Patagonia, Buses, and Tasty Sandwiches Part II

Written by Brian Burnham of Cirque Productions, Creators of TREK – A Journey on the Appalachian Trail

Another long bus ride ensues, we’re talking 30+ hours here. We catch a connection on a Micro en route to our destination, El Chalten. The advice of our mountaineer shop worker comes to mind as our bus climbs the pass, and the road becomes gradually more precarious. I decide to stare at the sky rather than the road, and take note of all the constellations that seem so foreign to me. I feel myself spinning an wonder if it’s a strange combination of Quilmes beer and the altitude, but a quick check of the faces around me confirm that our bus is actually spinning down the road. We land in a ditch and the driver swears. He gets out of his seat as though he has an agenda, so I guess this happens pretty regularly. He tosses some chains on the tires and we were off again.

We arrived at our destination without further incident, and were dropped off at the one open building in town which was the bus station/restaurant/supply store/hostel/local bar all in one. We quickly got our bearings and headed off to explore the backcountry within an hour of arrival. The wilderness was just as its reputation had promised. The trail had laid untouched for days, and recent fresh snow erased any sign of people. The infamous Patagonian spires of the Fitz Roy range loomed 3,000 vertical feet over us as we passed through their shadow into the Lago Torre valley. The intensity of the sun called for sunglasses every step of the way, but didn’t do much to raise the temperature over freezing. We had been warned in town about bitter cold evenings, and brutal snow storms, so we had come prepared.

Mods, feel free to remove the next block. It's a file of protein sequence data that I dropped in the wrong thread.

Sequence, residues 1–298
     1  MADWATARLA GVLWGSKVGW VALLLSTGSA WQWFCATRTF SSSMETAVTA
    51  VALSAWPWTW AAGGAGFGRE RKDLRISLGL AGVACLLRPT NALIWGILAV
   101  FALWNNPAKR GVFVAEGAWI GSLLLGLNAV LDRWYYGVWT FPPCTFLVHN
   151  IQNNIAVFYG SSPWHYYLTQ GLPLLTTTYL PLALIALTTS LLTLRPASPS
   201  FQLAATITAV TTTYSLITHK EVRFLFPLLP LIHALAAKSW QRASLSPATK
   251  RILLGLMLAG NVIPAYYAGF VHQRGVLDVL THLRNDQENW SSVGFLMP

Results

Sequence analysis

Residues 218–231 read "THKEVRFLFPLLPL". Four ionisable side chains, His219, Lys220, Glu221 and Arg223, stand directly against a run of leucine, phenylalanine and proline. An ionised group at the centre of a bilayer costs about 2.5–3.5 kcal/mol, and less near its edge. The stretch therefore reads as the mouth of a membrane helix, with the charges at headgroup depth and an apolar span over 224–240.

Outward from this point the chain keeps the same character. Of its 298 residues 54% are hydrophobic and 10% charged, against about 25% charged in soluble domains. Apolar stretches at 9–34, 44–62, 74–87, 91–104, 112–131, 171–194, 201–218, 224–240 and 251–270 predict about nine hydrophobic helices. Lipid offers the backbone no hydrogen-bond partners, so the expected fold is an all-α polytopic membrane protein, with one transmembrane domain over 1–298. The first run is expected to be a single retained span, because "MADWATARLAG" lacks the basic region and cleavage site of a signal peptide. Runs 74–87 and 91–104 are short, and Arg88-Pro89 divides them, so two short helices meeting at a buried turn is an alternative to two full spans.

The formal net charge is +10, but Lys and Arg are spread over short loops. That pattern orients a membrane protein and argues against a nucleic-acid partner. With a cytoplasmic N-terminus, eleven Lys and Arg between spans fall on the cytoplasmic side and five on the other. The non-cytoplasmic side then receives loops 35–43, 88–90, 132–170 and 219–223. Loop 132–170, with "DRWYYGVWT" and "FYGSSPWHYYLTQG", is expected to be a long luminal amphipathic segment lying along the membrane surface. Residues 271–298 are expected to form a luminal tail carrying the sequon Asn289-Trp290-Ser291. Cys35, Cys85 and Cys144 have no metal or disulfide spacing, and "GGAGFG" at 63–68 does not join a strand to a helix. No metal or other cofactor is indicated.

Our campsite for the evening brought us to the edge of the solidly frozen Lago Torre with its surrounding blue glacier and granite peaks in the immediate vicinity. Sunset came at the usual time of around 5pm and the temperature plummeted far below its previous status of freezing. We warmed ourselves next to a small brush fire on the snow, and drank mint tea to help pass some evening time so we wouldn’t be sentenced to our sleeping bags for 15 straight dark cold hours. Our first little hike into the mountains whet our appetite for more exploration, so we consulted the guides to find what lay further into the green lake filled Patagonia region.

One could not visit Patagonia without heading to Torres Del Paine for at least one day. We had no thoughts of a stay that brief. Our Micro left the base town of Puerto Natales and embarked on the 3-hour journey over a potholed dirt road. The day was uncharacteristically clear and crisp, and afforded us views of the splendor the attracts so many people to Torres Del Paine. The Cero Torres spires also rise 3000 vertical feet, and when contrasted to the surrounding flat dessert tundra and reflective salt lakes, they are just that much more awe inspiring.